As China’s markets tremble in the aftermath of Covid outbreaks and Russia’s invasion of Ukraine, one of the country’s top macro hedge funds is bracing for more pain.
Shanghai Banxia Investment Management Center, which ranked first in the country in 2020, has reduced its stock exposure to zero in anticipation of a worsening economy and further declines inequities, according to founder Li Bei. The fund, which manages over 5 billion yuan ($785 million), has also closed almost all short positions in commodities after losses were incurred due to rising prices.
“This year could be even worse for fund managers than 2008,” Li said in an interview this month when holding government bonds could still be a winning strategy even during the global financial crisis. “It’s now extremely difficult for them to find a job where they can make money.”
Unpredictable events, such as the war in Ukraine and the rapid spread of the omicron variant, have caught China’s best-trained money managers off guard. According to Shenzhen PaiPaiWang Investment & Management Co., macro funds, which frequently trade-in equity, bond, and commodity markets, averaged a 7.4 percent loss in the first quarter, the worst performance among eight hedge fund strategies.
Following steep losses, DH Fund Management, a macro fund with more than 10 billion yuan under management, apologized to investors and reduced management fees this month.
Li’s low-volatility Banxia Macro Fund, which gained 60% last year, fell about 7% in the first quarter. After abandoning a strategy similar to Bridgewater Associates, it gained 258 percent in 2020. According to PaiPaiWang, Bridgewater’s onshore China funds gained 4.8 percent last quarter.
While Li’s zero stock exposure is nothing new in her career as a macro manager, it contrasts with peers who have been buying stocks, particularly after Vice Premier Liu He’s pledge of support sparked a rally in March that has since peaked. Top quantitative funds also reported that their stock positions remained fully stocked during the declines, with some buying the dip.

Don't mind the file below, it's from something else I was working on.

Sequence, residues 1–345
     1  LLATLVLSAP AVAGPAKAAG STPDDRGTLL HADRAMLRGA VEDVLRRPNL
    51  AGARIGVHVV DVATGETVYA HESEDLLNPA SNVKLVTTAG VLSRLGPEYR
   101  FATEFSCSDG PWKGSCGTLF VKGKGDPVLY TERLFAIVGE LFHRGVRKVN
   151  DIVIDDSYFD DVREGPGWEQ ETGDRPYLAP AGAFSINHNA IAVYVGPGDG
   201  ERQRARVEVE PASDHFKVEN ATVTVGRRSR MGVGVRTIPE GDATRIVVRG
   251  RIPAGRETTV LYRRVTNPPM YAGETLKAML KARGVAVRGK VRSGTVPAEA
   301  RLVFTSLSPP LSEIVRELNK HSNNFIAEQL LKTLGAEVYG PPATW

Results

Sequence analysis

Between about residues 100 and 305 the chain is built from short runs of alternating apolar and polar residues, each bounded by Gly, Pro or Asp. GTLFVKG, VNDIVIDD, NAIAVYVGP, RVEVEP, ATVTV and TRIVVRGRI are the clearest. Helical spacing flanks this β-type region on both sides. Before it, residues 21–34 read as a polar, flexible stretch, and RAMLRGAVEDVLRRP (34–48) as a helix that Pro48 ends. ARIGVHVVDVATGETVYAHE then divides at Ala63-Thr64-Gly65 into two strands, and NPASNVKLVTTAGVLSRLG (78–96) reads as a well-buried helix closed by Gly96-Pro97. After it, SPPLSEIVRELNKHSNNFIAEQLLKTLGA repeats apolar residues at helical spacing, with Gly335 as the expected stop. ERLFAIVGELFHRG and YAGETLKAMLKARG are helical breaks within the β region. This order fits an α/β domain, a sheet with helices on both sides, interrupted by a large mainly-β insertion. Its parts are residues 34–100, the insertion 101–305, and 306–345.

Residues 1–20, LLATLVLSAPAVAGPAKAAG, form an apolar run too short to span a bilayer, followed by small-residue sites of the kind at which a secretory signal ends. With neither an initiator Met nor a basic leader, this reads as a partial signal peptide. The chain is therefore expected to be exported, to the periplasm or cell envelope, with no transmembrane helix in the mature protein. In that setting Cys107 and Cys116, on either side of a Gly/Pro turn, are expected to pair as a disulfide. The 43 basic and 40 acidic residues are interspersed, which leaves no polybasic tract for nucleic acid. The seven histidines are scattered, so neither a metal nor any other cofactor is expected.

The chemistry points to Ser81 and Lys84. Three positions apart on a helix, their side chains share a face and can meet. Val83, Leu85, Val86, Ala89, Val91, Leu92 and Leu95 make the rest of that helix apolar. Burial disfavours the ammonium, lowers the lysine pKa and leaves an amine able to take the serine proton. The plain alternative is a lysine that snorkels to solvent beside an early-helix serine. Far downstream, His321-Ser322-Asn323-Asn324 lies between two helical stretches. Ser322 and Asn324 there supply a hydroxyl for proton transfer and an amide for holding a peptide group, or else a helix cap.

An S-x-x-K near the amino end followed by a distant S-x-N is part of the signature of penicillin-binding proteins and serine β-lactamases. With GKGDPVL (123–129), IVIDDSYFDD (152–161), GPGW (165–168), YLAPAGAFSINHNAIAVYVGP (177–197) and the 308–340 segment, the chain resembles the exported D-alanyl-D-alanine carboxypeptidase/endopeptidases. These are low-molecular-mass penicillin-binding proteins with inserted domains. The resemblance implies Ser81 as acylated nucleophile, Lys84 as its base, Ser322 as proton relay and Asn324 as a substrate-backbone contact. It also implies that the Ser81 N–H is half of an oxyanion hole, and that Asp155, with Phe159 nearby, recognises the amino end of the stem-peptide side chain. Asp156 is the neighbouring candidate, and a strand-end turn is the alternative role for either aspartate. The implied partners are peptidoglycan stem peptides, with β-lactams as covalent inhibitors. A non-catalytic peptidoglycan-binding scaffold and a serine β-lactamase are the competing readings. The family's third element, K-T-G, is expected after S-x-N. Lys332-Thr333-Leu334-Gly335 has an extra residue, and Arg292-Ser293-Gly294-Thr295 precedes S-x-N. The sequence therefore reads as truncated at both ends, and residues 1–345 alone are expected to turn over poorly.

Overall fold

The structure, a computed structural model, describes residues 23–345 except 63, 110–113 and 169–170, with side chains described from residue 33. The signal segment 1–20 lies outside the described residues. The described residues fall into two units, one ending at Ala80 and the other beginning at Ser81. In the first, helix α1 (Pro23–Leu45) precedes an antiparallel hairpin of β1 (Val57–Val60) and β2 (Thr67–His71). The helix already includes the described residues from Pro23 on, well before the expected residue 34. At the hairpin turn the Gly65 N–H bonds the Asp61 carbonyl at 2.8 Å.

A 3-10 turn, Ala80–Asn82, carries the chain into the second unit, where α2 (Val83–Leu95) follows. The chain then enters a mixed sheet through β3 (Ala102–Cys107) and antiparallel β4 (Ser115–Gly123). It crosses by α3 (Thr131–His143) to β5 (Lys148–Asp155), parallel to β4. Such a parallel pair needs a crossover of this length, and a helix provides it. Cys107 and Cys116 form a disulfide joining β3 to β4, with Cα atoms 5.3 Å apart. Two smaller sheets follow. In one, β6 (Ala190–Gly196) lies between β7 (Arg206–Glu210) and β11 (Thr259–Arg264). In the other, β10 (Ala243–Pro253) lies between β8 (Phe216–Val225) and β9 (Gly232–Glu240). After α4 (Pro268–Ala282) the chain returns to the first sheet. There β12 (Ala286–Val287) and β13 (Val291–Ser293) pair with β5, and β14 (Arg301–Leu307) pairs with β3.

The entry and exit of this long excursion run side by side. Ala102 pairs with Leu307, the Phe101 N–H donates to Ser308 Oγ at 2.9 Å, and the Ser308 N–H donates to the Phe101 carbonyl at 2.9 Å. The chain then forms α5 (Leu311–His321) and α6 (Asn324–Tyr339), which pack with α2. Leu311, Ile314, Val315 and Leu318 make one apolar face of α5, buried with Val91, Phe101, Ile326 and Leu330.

“People are overly optimistic,” Li said over the phone during a citywide lockdown.
Because of the highly contagious omicron, China’s Covid Zero policy requires Shanghai residents “to make sacrifices, the economy to suffer a greater impact, and more listed companies to suffer certain losses,” she wrote in a recent WeChat article. Fund managers in the city, who must deal with economic fluctuations while also dealing with Covid tests and looking for food, are “truly exhausted,” she adds.
According to PaiPaiWang data, Shanghai is home to 2,245 hedge funds, accounting for roughly one-quarter of the country’s total.
While the possibility of more and longer lockdowns threatens to slow the economy further, Li believes that room to stimulate growth is limited by high commodity prices and a shrinking interest-rate spread with the United States as the Federal Reserve accelerates hikes. She believes that increasing leverage is unlikely because local governments’ debts are already high and households’ desire to borrow mortgages has waned.
Investors have resumed selling Chinese stocks following last month’s pledge to stabilize markets, which has resulted in few concrete measures so far. The People’s Bank of China reduced the number of cash lenders set aside as reserves this month but did not lower interest rates.
The benchmark CSI 300 Index fell as much as 2.7 percent Monday, wiping out the rally that had begun in mid-March, as news that lockdowns were spreading to Beijing sent stocks, commodities, and the yuan tumbling.
Li believes the central bank will have to start cutting rates later this year, most likely after commodity prices have stabilized, thereby boosting bonds. “Otherwise, there’s no way out,” she said, adding that she’s invested the majority of Banxia’s money in government notes, particularly those with tenures of less than five years.
Stocks will likely fall further as the economy and earnings disappoint, before rising as borrowing costs fall and the outlook improves, she predicts. Ban Xia still has about 10% of its money invested in equity positions that are fully hedged by index put options.
“Hopefully, I’ll be able to make money this year,” Li said. “But not nearly as much as in recent years.”